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Operation Lifesaver

Train safety classroom is on the tracks

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(SHELDON)--About 300 people boarded a Union Pacific passenger train in Sheldon last Friday for a safety presentation by Operation Lifesaver. Established in 1972, Operation Lifesaver travels around the country educating people about railroad crossings and right of ways.



Haley Wagner, from Archer IA, was part of a young group of students riding the train from Sheldon to Alton. Her thoughts about the train ride were pretty simple in the beginning.

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The passenger train could only go about 35 miles per hour, but the average freight train gets up to about 55 miles per hour. Bob Resch, manager of Public Safety for Union Pacific, said that a train going 55 takes a long time to stop.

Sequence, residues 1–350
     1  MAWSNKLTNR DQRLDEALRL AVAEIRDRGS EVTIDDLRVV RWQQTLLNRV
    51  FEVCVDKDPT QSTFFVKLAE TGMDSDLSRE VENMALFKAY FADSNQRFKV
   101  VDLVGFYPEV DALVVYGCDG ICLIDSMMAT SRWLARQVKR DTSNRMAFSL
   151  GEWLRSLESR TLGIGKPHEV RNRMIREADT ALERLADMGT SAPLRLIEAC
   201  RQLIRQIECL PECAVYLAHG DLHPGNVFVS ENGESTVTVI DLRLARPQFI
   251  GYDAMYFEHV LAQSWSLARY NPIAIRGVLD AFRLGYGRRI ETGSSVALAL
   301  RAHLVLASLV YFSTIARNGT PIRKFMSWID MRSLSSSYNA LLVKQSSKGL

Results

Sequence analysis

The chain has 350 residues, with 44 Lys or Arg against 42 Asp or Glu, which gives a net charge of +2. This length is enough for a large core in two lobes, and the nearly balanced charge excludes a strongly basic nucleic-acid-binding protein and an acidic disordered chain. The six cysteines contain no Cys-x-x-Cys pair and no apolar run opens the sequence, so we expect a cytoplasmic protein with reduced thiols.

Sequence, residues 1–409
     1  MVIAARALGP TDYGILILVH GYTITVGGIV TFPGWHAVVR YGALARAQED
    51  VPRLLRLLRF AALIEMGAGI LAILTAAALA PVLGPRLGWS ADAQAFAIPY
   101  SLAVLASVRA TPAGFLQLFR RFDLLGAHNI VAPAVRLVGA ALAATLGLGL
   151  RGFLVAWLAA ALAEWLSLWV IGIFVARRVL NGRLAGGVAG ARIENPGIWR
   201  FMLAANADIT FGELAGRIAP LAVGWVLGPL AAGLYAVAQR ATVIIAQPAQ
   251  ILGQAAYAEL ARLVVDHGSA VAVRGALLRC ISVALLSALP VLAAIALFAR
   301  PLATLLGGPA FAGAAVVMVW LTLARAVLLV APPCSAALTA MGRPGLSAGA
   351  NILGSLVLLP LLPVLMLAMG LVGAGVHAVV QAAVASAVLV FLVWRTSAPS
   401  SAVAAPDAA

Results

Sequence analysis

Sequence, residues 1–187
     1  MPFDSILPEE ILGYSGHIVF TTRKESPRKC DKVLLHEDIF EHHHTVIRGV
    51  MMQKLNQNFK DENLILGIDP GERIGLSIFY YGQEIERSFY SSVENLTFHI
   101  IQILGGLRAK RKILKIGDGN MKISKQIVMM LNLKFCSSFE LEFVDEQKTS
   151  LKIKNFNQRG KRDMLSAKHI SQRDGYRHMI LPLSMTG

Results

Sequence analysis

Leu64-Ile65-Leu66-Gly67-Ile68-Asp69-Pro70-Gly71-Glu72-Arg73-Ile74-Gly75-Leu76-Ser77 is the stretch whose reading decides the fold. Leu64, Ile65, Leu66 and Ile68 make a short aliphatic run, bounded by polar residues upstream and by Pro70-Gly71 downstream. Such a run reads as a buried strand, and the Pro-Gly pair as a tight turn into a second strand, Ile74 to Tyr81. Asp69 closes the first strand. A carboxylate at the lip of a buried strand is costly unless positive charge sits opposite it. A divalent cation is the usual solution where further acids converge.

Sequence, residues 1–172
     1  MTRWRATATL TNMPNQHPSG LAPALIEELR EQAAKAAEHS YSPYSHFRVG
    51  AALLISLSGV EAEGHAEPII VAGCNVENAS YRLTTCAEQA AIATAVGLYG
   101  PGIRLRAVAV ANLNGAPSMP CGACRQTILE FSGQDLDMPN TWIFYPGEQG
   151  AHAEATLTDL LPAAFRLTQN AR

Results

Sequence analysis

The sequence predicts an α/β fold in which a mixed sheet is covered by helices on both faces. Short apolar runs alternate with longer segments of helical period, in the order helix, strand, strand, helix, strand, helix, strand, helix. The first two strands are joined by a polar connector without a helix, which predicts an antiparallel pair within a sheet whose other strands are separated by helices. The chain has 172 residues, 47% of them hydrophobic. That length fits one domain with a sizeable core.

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Research shows that you're 40 times more likely to die in a car train collision than any other collision. According to the DOT there were 12 train related accidents in Plymouth County over the last ten years, with one fatality in 2001.

Resch added that half of fatal train crashes across the nation happen during the day at gated crossings where the gate arm is down. These incidences can be prevented if you stick to the basic rules of railroad crossing safety.

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Following the Operation Life Saver presentation Haley said she learned something.

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She added that if more people heard the safety message they might be more likely pay attention at railroad crossings.

To learn more about Operation Life Saver and Crossing safety visit oli.org. (News report by Angela Drake of KLEM News)

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